Exchange. I have the finest shells of Anodonta corpulenta, C'p'r, and Suborbiculata, Say, in the world. Will exchange for fresh water, land, and marine shells, in large or small quantities. Have

By ALPHEUS SPRING PACKARD, M.D., Ph.D. also for exchange 50 varieties of fresh water and

Sportsmen and ornithologists will be interested in the list of Labrador birds by Mr. L. W. Turner, which has been kindly revised and brought down to date by Dr. J. A. Allen. Dr. S H. Scudder has contributed the list of butterflies, and Prof. John Macoun, of Ottawa, Canada, has prepared the list of Labrador plants.

Much pains has been taken to render the bibliography complete, and the author is indebted to Dr. Franz Boas and others for several titles and important suggestions; and it is hoped that this feature of the book will recommend it to collectors of Ameri


land shells from Spoon River, Ill. DR. W. S.
STRODE, Lewistown, Ill.

To exchange for books on birds or insects, or
fo back volumes of American Naturalist: Ecker's
"Anatomy of the Frog," Packard's "Guide,"
Guyot's "The Earth and Man." Rockhill's, "The
Land Lamas," Parker's "Biology, Shoe-
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Dexter's "The Kingdoms of Nature," all new. M. J.
ELROD, Ill. Wes. Univ., Bloomington, Ill.


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GRADUATE of the University of Pennsylvania and a practical mineralogist of twenty years' experience desires to give his services and a cabinet of 25, 00 specimens, all named, with about the same number of duplicates, in minerals, crystals, rocks, gems, fossils, shells, archæological and ethnological specimens and woods to any institution desiring a fine outfit for study. The owner will increase the cabinet to 50,000 specimens in two years and will act as curator. Correspondence solicited from any scientific institution. J. W. Hortter, M.D., Ph.D., San Francisco, Cal., General P. O. Delivery.

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C Polytechnic, Organic and Analytical, desires a HEMIST AND ENGINEER, graduate German position in laboratory or chemical works. Address 213% E. 7th Street, New York, care Levy.

The American Geologist for 1892.

It is hoped that the volume will serve as a guide to the Labrador coast for the use of travellers, yachtsmen, sportsmen, artists, and naturalists, as Edited by PROF. S. CALVIN, University of Iowa; DR. E. W. CLAYPOLE, Buchtel College; JOHN EYERMAN. well as those interested in geographical and histori-Lafayette College; DR. PERSIFOR FRAZER, Penu. Hort. Soc.; PROF F. W. CRAGIN, Colorado College; PROF ROBT T. HILL, U. S. Irrigation Survey; DR. ANDREW C. LAWSON. University of California; R. D. cal studies. SALISBURY, University of Wisconsin; JOSEPH B. TYRRELL, Geol. Sur. of Canada; E. O. ULRICH, Minnesota Geological Survey: PROF. I C. WHITE, University of West Virginia; PROF. N. H. WINCHELL, University of Minnesota. Now in its IXth volume. $3.50 per year. Sample copies, 20 cents. Address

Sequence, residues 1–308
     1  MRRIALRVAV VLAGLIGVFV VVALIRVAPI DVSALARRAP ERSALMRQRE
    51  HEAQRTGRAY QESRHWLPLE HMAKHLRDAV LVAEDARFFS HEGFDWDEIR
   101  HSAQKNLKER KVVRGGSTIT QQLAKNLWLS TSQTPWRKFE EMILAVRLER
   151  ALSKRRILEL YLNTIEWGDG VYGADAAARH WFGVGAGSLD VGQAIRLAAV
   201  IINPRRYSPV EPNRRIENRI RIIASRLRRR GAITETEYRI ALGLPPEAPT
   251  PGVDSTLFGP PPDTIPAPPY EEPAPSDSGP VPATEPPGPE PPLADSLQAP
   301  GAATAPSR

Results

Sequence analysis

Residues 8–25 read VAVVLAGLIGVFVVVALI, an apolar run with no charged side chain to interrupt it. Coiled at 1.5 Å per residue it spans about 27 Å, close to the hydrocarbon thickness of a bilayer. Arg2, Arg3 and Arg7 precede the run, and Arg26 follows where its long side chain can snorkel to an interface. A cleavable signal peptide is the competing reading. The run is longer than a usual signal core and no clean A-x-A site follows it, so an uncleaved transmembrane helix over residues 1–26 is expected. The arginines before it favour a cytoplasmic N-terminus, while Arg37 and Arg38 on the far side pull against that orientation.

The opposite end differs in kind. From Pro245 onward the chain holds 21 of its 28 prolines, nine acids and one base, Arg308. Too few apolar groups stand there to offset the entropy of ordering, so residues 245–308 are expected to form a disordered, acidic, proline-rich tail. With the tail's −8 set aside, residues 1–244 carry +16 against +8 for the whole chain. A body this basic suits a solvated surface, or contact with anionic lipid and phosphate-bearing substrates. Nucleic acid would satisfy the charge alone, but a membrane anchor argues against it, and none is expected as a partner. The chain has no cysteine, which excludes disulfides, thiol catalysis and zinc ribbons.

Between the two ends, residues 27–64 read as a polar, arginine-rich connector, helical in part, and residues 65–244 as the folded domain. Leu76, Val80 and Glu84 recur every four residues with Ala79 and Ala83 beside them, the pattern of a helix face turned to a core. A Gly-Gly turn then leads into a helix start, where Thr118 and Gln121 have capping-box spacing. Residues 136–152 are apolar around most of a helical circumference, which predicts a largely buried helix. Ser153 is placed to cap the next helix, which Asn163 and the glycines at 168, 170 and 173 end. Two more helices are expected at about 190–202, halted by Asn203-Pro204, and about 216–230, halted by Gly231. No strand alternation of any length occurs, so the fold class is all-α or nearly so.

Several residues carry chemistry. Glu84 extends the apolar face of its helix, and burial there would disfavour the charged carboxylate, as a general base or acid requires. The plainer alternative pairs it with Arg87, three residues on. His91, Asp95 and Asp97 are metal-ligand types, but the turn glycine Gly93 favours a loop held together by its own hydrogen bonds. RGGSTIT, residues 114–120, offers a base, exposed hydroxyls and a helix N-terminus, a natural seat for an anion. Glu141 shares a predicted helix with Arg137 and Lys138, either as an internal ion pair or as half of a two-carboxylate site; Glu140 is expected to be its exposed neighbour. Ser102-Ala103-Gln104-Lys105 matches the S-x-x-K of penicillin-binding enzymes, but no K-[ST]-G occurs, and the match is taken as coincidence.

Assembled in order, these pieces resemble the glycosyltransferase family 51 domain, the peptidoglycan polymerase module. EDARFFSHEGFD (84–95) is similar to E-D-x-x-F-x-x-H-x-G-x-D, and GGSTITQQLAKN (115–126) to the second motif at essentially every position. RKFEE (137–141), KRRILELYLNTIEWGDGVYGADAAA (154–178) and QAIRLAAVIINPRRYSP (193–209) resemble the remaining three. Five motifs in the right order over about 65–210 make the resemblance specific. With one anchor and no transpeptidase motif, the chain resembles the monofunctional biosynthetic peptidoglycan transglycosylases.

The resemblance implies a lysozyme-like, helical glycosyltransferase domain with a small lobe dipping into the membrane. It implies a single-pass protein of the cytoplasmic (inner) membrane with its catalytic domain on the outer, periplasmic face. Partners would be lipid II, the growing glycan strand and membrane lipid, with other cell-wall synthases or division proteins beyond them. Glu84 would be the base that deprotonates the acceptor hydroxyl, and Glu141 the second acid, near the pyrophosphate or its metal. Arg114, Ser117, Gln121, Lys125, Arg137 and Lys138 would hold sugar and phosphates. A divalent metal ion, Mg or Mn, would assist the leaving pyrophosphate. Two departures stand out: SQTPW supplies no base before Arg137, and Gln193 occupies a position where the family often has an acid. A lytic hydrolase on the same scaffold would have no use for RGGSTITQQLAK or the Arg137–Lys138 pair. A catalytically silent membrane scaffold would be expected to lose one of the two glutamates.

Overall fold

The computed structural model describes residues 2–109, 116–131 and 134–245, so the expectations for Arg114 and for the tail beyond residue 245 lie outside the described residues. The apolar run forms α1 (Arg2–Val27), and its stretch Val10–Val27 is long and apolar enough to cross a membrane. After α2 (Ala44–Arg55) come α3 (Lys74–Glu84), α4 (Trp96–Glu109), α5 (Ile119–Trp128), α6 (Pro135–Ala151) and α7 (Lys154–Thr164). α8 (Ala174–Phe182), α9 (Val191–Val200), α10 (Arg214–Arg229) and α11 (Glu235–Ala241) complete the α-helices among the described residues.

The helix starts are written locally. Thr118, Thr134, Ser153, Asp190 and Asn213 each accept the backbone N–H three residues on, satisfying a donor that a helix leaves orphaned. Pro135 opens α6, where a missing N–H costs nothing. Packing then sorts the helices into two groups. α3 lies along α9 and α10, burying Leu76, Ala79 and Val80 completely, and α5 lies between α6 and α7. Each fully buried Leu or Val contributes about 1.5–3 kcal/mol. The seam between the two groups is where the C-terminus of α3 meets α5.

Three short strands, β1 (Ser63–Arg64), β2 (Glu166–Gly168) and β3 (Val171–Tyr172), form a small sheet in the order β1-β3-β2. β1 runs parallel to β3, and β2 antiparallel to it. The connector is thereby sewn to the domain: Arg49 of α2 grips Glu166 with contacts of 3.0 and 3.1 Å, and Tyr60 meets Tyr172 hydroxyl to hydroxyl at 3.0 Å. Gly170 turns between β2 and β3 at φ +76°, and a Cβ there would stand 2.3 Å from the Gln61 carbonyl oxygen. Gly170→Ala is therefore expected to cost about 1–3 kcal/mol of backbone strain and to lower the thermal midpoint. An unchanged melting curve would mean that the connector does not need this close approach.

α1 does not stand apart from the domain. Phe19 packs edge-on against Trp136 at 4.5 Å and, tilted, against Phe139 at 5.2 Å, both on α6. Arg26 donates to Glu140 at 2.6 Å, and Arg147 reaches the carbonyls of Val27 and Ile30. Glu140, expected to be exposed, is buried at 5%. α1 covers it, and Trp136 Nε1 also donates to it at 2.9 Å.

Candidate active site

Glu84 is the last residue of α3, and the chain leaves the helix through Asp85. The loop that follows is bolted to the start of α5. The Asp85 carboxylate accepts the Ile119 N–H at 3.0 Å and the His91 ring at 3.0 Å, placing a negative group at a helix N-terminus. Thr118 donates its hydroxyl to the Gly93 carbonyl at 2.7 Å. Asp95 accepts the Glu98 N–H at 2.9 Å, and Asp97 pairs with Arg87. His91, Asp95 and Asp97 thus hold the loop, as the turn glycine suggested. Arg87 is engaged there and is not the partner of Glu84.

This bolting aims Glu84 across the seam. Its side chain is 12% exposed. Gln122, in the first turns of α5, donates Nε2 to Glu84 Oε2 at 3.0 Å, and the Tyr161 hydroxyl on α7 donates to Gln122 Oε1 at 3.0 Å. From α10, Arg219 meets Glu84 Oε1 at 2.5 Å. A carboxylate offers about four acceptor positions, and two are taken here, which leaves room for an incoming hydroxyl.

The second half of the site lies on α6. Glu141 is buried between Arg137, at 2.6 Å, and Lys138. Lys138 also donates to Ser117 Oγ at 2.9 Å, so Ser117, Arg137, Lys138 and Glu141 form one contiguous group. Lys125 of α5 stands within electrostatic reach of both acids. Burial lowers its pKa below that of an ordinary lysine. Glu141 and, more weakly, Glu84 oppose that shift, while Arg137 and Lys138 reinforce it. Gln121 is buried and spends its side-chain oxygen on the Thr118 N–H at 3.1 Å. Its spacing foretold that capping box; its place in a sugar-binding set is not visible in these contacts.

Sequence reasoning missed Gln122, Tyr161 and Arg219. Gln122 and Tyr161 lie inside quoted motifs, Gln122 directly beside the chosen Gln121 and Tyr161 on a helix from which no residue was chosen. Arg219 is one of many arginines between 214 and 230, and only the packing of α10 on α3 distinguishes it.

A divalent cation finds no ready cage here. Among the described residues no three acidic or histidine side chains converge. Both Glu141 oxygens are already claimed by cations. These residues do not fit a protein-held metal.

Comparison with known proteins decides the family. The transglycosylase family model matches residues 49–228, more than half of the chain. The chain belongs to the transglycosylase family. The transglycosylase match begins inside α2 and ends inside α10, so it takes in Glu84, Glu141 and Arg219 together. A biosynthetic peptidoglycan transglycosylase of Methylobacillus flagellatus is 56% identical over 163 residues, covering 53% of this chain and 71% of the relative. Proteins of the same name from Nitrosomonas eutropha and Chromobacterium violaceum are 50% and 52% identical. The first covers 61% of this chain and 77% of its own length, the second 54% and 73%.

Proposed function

513 pp., 8°, $3.50.

N. D. C. HODGES, 874 Broadway, New York.


does not say who manufactured the plates which he used; but they measure four by five inches. With a steady, diffused glow on an arch he has had very fair success, with an exposure of between forty seconds and five minutes. With a greatly agitated, curtain-like display, and an exposure of only one minute, he lost all detail. But a very sharp picture was secured, with an exposure of six seconds, of one end of an arch, which was composed of radiant streamers; the structure is distinctly shown. The pictures were obtained between Jan. 4 and Feb. 1, this year. On the night of Feb. 13-14, a heavy snow-storm prevented observations of the famous aurora of that date; but, as has already been mentioned, a remarkable magnetic disturbance was recorded by the needles.

The scientific world will wish Dr. Brendel good luck in his future endeavors, and will watch eagerly to see whether he finds it practicable to determine the parallax of auroras by this method. JAMES P. HALL.

Brooklyn, N.Y., Oct. 8.


The Horse: A Study in Natural History. By WILLIAM H. FLOWER, Director of the British Natural History Museum. New York, D. Appleton & Company.


THE Modern Science Series," edited by the distinguished scientist, Sir John Lubbock, is not primarily designed for the specialist, nor, on the other hand, for the class of readers that reads merely to be entertained. It attempts rather to supply accurately, yet in language divested of needless technicalities, such information as is needed by everyone who desires to keep fairly abreast of the progress of modern knowledge.

The name of the author of the present volume is in itself a guarantee of the accuracy and interest of its contents, and in the reading we are not disappointed; for within 204 short pages the


Dr. T. H. Andrews, Jefferson Medical College, Philadelphia, says of Horsford's Acid Phosphate.

horse and its relations to nature are presented in a sketch which is at once attractive and thorough.